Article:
Interview with Paul Howarth: Blockchain and the Wisdom of the Crowd

Eleanor Barlow

To kick-start our ‘Introduction to Data Analysis Month’, we have organised an interview with the CEO of Pansensic, Paul Howarth. In this discussion, Howarth hopes to shed some light on the often daunting and ambiguous field of qualitative data analysis methods for organisations wishing to improve.

Glasses on a computer of data analyst.

 

So then, to start with the basics, what are the differences between qualitative and quantitative data, and what do you utilise here at Pansensic?

Paul Howarth: “There are two types of data. There is qualitative data, which is essentially words, pictures, videos, sounds, and there is quantitative data which is, fundamentally, anything that can be attached to a number. The whole quantitative data industry has really been exploited, maybe even approaching its potential over recent years. However technology doesn’t stand still, and the introduction of “Blockchain” is going to open up a new world for the quantitative data industry, and it will fundamentally change our world too.

“Computers understand and are good at interpreting numbers. After all, software is essentially 0s & 1s and we can, therefore, develop things like spreadsheets, databases and algorithms. Analysing qualitative data, on the other hand, is very, very, difficult. For example, every word has a meaning, and that meaning cannot easily be explained by 0s & 1s, as a word isn’t a 0 or a 1s. Qualitative Data is also called unstructured data, as no one knows what is in that data itself. If there is a conversation in a piece of data, for instance, nobody knows what’s in that conversation.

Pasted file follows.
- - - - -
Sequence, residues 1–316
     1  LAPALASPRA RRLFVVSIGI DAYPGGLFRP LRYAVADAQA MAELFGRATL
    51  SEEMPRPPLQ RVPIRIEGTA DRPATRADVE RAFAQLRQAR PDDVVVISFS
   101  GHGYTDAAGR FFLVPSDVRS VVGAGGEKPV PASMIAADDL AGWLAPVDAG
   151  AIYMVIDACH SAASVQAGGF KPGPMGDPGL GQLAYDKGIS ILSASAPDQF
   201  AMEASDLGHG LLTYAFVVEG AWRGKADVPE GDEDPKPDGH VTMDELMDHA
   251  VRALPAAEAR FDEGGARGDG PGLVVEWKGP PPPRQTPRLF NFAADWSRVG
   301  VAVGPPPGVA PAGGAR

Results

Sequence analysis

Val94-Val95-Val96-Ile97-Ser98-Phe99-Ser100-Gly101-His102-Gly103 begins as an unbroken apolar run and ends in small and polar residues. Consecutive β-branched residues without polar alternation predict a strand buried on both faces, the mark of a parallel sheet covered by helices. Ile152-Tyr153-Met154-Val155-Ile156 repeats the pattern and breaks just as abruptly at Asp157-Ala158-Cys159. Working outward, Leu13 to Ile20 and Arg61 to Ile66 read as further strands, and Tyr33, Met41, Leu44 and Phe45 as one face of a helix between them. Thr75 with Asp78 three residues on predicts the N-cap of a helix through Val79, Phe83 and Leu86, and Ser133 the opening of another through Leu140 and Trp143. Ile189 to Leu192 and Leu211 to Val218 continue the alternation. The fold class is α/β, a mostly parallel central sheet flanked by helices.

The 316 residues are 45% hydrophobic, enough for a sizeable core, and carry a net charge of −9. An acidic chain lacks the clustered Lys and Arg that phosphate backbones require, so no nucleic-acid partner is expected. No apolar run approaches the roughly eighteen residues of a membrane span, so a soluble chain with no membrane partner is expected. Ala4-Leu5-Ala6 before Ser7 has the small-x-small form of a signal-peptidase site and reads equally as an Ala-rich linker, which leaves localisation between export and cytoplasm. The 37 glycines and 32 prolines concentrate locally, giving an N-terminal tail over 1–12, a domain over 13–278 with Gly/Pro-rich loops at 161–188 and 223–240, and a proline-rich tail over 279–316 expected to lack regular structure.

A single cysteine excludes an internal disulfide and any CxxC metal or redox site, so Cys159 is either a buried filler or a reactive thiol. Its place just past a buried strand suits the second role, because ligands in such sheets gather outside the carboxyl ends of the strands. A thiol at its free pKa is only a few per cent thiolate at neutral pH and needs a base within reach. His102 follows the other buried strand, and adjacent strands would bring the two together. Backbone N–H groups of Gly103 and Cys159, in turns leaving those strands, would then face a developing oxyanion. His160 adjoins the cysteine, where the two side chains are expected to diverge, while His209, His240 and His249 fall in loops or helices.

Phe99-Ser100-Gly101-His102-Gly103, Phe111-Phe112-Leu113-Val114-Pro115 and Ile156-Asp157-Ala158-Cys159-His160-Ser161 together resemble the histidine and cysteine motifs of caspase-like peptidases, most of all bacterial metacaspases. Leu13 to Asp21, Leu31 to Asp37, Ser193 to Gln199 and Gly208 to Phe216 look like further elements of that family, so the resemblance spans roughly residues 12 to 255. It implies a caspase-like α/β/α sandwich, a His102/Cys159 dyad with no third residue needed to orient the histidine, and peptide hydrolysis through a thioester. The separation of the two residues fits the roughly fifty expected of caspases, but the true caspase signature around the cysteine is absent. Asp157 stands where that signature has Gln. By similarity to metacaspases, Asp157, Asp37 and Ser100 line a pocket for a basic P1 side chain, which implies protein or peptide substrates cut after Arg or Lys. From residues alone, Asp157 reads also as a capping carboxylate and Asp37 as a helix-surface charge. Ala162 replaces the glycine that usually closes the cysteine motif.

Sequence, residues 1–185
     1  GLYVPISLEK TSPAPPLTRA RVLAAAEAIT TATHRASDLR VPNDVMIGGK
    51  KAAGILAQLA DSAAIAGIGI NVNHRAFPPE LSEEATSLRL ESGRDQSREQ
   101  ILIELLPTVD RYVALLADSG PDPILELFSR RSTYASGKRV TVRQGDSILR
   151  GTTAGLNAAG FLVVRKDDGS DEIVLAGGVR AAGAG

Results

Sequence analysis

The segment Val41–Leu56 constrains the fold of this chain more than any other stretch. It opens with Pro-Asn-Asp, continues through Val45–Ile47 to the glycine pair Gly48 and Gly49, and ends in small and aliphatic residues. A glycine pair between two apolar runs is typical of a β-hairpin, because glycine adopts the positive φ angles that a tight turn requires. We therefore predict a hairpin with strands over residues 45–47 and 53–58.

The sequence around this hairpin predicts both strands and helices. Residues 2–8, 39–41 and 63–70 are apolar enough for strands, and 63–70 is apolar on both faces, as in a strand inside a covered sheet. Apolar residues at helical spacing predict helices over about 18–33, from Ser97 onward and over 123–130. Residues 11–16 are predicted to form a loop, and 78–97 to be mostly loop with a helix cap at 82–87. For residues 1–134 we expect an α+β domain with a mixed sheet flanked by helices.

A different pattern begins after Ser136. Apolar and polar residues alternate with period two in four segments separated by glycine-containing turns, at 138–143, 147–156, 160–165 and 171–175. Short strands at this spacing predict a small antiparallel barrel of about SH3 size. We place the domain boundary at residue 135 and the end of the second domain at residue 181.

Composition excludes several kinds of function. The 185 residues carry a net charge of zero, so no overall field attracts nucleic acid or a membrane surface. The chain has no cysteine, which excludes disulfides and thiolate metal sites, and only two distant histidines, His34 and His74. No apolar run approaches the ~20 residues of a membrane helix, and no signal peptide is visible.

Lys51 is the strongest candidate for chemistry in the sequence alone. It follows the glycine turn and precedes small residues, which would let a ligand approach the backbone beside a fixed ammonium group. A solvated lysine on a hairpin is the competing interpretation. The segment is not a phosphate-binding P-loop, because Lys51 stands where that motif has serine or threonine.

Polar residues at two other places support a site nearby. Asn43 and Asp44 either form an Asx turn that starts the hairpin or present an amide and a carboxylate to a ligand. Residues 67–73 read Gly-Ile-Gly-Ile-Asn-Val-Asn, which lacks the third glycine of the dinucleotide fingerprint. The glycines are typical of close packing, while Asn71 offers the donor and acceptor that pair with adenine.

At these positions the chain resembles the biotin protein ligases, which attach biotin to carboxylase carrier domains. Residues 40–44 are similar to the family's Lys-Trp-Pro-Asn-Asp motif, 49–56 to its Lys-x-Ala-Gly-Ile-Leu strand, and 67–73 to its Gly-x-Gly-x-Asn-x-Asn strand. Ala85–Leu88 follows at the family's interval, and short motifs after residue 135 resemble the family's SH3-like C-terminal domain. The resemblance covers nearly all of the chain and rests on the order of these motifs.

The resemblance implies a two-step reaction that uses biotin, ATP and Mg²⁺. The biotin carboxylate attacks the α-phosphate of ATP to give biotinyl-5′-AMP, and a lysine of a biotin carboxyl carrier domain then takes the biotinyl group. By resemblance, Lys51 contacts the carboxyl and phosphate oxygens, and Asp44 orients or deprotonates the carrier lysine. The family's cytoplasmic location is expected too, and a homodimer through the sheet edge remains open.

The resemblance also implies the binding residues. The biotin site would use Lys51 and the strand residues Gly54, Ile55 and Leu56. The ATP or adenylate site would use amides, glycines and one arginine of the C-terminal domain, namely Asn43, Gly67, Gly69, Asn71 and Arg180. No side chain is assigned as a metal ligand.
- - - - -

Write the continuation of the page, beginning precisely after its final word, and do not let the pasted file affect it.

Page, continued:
“The key to understanding qualitative data is in the first five letters of the word- QUAL. Qualitative explains a quality, and if you don’t analyse the explanations of that quality, you can’t understand or define WHAT that quality is, or WHY it is what it is. Describing a quality is always done in words, but the problem for a computer is that it cannot understand words or the context of words and their meaning in that context, so over the years what’s happened is that everybody has majored on analysing and making sense of “the numbers” at the expense of analysing and making sense of “the words”.

“In the early years the qualitative data was almost scorned upon by industry because comments were merely an individual’s subjective opinion, as such, you could not take that opinion for the truth or as a representation for the general consensus. Recently, however, with the development of technology and, more specifically WEB 2.0, what you’ve got is millions of qualitative opinions posted daily on the internet- let’s call it “The Experience of The Crowd”. Now if, and it’s a big if, you can aggregate those qualitative subjective opinions and find a theme and attribute a number to them then you now have an objective, evidence-based metric. What is more, it’s a real metric based on a real experience. So, rather than it being one person’s opinion, it is thousands of people’s opinions, and if you want to ignore one that’s ok but if you are going to ignore thousands of people all saying the same thing, that may well prove to be foolish.